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The Pamphlet Collection of Sir Robert Stout: Volume 76

Socialists and Single-Taxers

Socialists and Single-Taxers.

Many people attribute our state of social unrest, the ruinous conflicts between labour and capital, the fall in values of land and its products, and our social ills generally to what they are pleased to describe as the "blight," "the curse of Socialism," but how do they account for the fact that we have the same state of things all the world over, and under every form of government, including countries like Russia, where Socialism has had no influence whatever on the Government?

That the trouble exists no one can deny, and I think it is the duty of all right-minded men to earnestly endeavour to find out the cause, and take stops to remove it, and not content themselves with throwing the blame on any one section of the community.

For my own part, I may say at once that I am not a Socialist, nor do I believe in Socialistic methods. Rut when we remember that this movement has been led by such men as Robert Owen, Karl Marx, Ferdinand Lassalle, Friedrich Engels, William Clarke, William Morris, and many other highly educated and prominent men, it is mere presumption on our part, to treat this movement with contempt, and, without the most careful examination, to speak of it as a "blight" and a "curse."

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I have devoted some little time and thought to this subject, and the more I study it, the less I like it; but there is urgent need for something to be done, and done effectively, to give the great mass of people better opportunities for acquiring something more than a bare existence, otherwise this Socialistic wave will spread and overwhelm all individualism.

The question arises, and is worth considering: How did this "blight of Socialism" arise, and why is it with us? My reply is this: That the great growth of riches on the one hand, and of poverty and misery on the other hand, have caused the masses to ask why this unequal distribution should exist, and to seek for methods for bringing about a fairer and more equal one.

During the last few years a great deal has been done to relieve and improve the condition of the poorer classes, but much—very much—remains to be done.

There are many men who do not belong to what are called the masses, men of noble minds and brilliant, education and attainments, who have seen the trouble coming, and have cast about for means of meeting it. Among these are the leading Socialists. Many confuse the Socialists and the Single Taxers, whose Socialistic proposal is better known and understood here, but they are totally different. There are many profound thinkers among the Socialists; I do not know of one among the Single Taxers. Their leader, Henry George, is a powerful writer, but if he had been a deep thinker he would long ago have found out that his proposed remedy is not only impracticable but positively mischievous. Probably there never has been another man who while seeking to do good has done so much harm as he has.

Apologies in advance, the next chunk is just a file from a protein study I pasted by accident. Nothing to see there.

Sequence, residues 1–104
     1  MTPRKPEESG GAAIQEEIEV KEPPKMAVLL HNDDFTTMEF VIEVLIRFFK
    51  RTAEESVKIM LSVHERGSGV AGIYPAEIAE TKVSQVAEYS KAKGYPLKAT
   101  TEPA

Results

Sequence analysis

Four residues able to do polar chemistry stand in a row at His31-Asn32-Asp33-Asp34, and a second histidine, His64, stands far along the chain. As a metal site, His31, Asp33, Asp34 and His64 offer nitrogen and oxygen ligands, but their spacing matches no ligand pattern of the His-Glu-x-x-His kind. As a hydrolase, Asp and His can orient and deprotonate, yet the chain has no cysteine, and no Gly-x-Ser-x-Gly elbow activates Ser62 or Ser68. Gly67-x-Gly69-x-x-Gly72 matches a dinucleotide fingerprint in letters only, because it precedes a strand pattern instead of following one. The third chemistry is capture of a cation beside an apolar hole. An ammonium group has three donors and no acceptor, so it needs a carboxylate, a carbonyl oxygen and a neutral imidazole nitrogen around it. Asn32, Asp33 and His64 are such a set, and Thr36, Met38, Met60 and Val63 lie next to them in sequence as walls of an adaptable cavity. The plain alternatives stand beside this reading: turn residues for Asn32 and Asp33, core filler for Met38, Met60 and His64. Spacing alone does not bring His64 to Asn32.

By proposing a measure sure to take with the unthinking crowd, and those who had nothing to lose, he frightened holders of real estate and prevented the expenditure of capital. At one time it seemed possible that his proposal might be tried, and investors knew that that would mean a state of commercial and financial chaos, therefore they held back, and vast numbers of people were thrown out of employment.

Both the Socialists and the Single Taxers saw that the trouble arose because the people as a whole cannot obtain land when and in such situations as they want it, and they both thought that the difficulty could be got over by nationalising the land. The Socialists, however, were clever enough to see that if the land were nationalised, that everything else must become national property also, and that individualism must be clean swept away.

The Single Taxers, on the other hand, thought they could nationalise the land, and at the same time retain individualism. The idea is an absurdity: everything goes with the land, and if that becomes national property so must everything else, and individualism must absolutely cease.

I dread the Socialistic movement, and believe it will lead to nothing but evil, but there is no use in blinding our eyes to the page 94 fact that it is a growing power, and that it is ably led, and we may rest assured that it is absolutely necessary to arrest the movement by doing something to render the existence of Socialism unnecessary.

We must by some means make the land available. Leaders of thought in England see this, and they hope to do it by means of the allotment system, "three acres and a cow," but so far this movement has failed, and fail it must, until the transit system is so altered that the workers can live on land, and at the same time have cheap and easy access to districts where they can sell their labour. If this were done we should soon, cease to hear the words Socialism and Single Tax. Every man who has an acre becomes interested in conserving the rights of property.

It is all very well to rail at Socialism, but we must remember that Socialism, Single Tax, One-man-one-vote are not to any extent responsible for the present state of things, for these movements are but of yesterday. The present trouble is the result of the work of ages.

From remote periods property and the propertied classes have governed the world, and with but few exceptions still govern it, and it is because they have neglected their duties and have so much ignored the wants and requirements of the poorer classes that we have this "blight," this "curse of Socialism" among us.

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